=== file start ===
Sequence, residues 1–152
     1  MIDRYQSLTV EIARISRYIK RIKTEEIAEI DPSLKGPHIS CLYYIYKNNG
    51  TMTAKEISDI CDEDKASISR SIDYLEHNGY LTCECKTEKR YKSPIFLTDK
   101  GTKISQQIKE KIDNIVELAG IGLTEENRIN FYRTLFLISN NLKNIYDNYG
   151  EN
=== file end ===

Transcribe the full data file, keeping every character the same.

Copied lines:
Sequence, residues 1–152
     1  MIDRYQSLTV EIARISRYIK RIKTEEIAEI DPSLKGPHIS CLYYIYKNNG
    51  TMTAKEISDI CDEDKASISR SIDYLEHNGY LTCECKTEKR YKSPIFLTDK
   101  GTKISQQIKE KIDNIVELAG IGLTEENRIN FYRTLFLISN NLKNIYDNYG
   151  EN